Update on current events in Kiev, Ukraine

Published on February 25, 2014 by JCRC

The following letter was sent to the JCRC Council and committees earlier today, February 25:

Dear Friends,

Along with the rest of the world, the Jewish community of Greater Boston has been anxiously monitoring the remarkable and frightening events in Ukraine over the last few weeks. For more than twenty years, our community has been in partnership with the Jewish community in Dnepropetrovsk, Ukraine, helping to rebuild Jewish life after the fall of the Soviet Union. We join our partners in Dnepropetrovsk in mourning the tragic deaths in Kiev last week and in welcoming the cessation of violence in the capital. 

For JCRC, our concern was heightened because this past week a group of teens from Boston and Haifa were in Ukraine to participate in our Havayah Fellowship for Global Jewish Leaders, bringing together student leaders from Boston, Haifa, and Dnepropetrovsk for a week of service learning.  While we were relieved that Dnepropetrovsk remained calm throughout the events, we are grateful to our Ukrainian partners for ensuring that our children, who are now back in Boston, were never in the slightest danger. To ensure their absolute safety, we rerouted their flight home today through Vienna rather than go through the Kiev airport.

With events developing rapidly, it is still difficult to predict the future for Ukraine. Now-former President Victor Yanukovich clearly underestimated the backlash, even among his supporters, against the deadly violence he turned against his own citizens. Ukrainians are divided about the future of their country, but they are united, at least for now, in their rejection of violence and repression. 

It is important to stress that throughout the crisis, our partners at the National Council for Soviet Jewry in Washington consulted with numerous Jewish community leaders and concluded that “the Ukrainian Jewish community is not being targeted.” Jews in Ukraine, as full citizens of the country, are deeply engaged in conversations about its future. However, it would be naïve to deny that anti-Semitic incidents continue to occur in various parts of the country; and that elements of the nationalist Ukrainian movements, including the Svoboda party, indulge in anti-Semitic rhetoric. Ukrainian Jews clearly need the ongoing support of the global Jewish community.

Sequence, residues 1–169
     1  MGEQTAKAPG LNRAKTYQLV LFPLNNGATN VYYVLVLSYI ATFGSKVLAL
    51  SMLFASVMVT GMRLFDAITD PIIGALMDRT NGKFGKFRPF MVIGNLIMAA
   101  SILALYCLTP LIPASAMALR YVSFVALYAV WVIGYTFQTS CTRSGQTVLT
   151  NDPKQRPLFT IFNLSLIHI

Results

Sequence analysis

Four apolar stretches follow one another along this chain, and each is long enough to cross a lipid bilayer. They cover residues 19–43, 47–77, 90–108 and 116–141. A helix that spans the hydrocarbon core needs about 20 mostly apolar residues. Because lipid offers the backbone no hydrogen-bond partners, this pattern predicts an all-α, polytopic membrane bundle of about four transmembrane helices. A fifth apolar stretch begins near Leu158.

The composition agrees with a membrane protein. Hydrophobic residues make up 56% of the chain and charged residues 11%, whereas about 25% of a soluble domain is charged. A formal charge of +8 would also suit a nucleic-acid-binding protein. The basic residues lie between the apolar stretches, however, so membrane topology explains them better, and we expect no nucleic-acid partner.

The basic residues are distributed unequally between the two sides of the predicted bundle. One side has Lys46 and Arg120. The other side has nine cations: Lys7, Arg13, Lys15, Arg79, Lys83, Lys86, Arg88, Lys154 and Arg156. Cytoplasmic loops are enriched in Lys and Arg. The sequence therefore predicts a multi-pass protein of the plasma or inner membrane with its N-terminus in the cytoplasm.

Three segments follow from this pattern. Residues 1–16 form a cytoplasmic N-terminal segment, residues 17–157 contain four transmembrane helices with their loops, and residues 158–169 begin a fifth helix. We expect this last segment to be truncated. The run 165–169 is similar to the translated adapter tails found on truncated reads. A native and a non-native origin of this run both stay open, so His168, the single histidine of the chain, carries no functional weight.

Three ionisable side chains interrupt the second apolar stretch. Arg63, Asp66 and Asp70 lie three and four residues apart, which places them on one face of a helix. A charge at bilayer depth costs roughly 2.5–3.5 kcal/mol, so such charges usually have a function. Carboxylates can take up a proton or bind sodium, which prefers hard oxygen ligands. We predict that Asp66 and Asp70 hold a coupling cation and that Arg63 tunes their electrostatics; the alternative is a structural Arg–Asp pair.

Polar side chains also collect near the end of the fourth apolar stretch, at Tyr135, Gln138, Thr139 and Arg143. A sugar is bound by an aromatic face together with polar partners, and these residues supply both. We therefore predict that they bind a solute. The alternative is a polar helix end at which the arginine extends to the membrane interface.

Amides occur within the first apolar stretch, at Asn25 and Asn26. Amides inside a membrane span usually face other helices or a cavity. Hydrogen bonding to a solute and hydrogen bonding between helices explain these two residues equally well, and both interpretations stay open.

The current situation remains fluid. Jewish leaders in Ukraine, the United States, and Europe are actively monitoring events and advocating, as we do, for an end to violence, an orderly transition of authority, and the unwavering rejection of all ethnic and religious hatred. In this context it is notable that the mood in Independence Square—the Maidan—over the weekend was not one of jubilation or looting but of reflection upon the loss of life. There is a sober effort under way by municipal workers and protesters alike to begin the difficult process of cleaning Kiev’s central public space.

Given the instability in Ukraine and the U.S. State Department’s recommendation to suspend non-essential travel to Ukraine, we are postponing our Next Generation Service Mission to Dnepropetrovsk, which was scheduled for this April. Pending an orderly transfer of power and a return to tranquility throughout the country, we will reschedule the trip for the fall. We remain committed to our partners in Dnepropetrovsk and look forward to resuming our face-to-face visits with them as soon as we, along with the relevant authorities, determine that travel is safe.

Meanwhile, our international Jewish partners continue to work on the ground in Ukraine.  The Jewish Agency has pledged aid to Jewish Communities for emergency assistance, and the JDC continues to provide help to homebound Jews throughout Ukraine.

In reaction to the events of February 18, Rabbi Shmuel Kaminezki of Dnepropetrovsk released a statement (English version) that included the following words:

We mourn each victim. We pray for them and their families. The death of every human being is the greatest tragedy and an irreparable loss.

The Jewish Community of Dnepropetrovsk appeals to all its members and all Jews in Ukraine and the world to pray for an end to violence in Ukraine….

Dnepropetrovsk, our native Dnieper, has been through all the years of Ukraine's independence a model of mutual respect and understanding among its many political, ethnic, religious, and social groups. We urge all these parties to preserve peace and tranquility in our region. We call on their leaders as well as representatives of the scientific, cultural, and business elite to unite to achieve this goal! So help us G-d!

We echo this call and urge the international community, especially the EU, the US, and Russia to work together to stabilize the Ukrainian economy and to ensure that Ukrainians will determine their own future, ideally with strong ethnic, economic, and cultural ties with both Europe and Russia. We also call upon the global Jewish community to stand with Ukraine’s Jewish community and with all Ukrainians of good will as they struggle to establish a society based on democracy, tolerance, and respect for religious and ethnic minorities.

Thank you,

Ann Levin Signature  Jeremy Burton signature
Ann Levin, Chair,
Dnepropetrovsk Kehillah Project
Jeremy Burton
Executive Director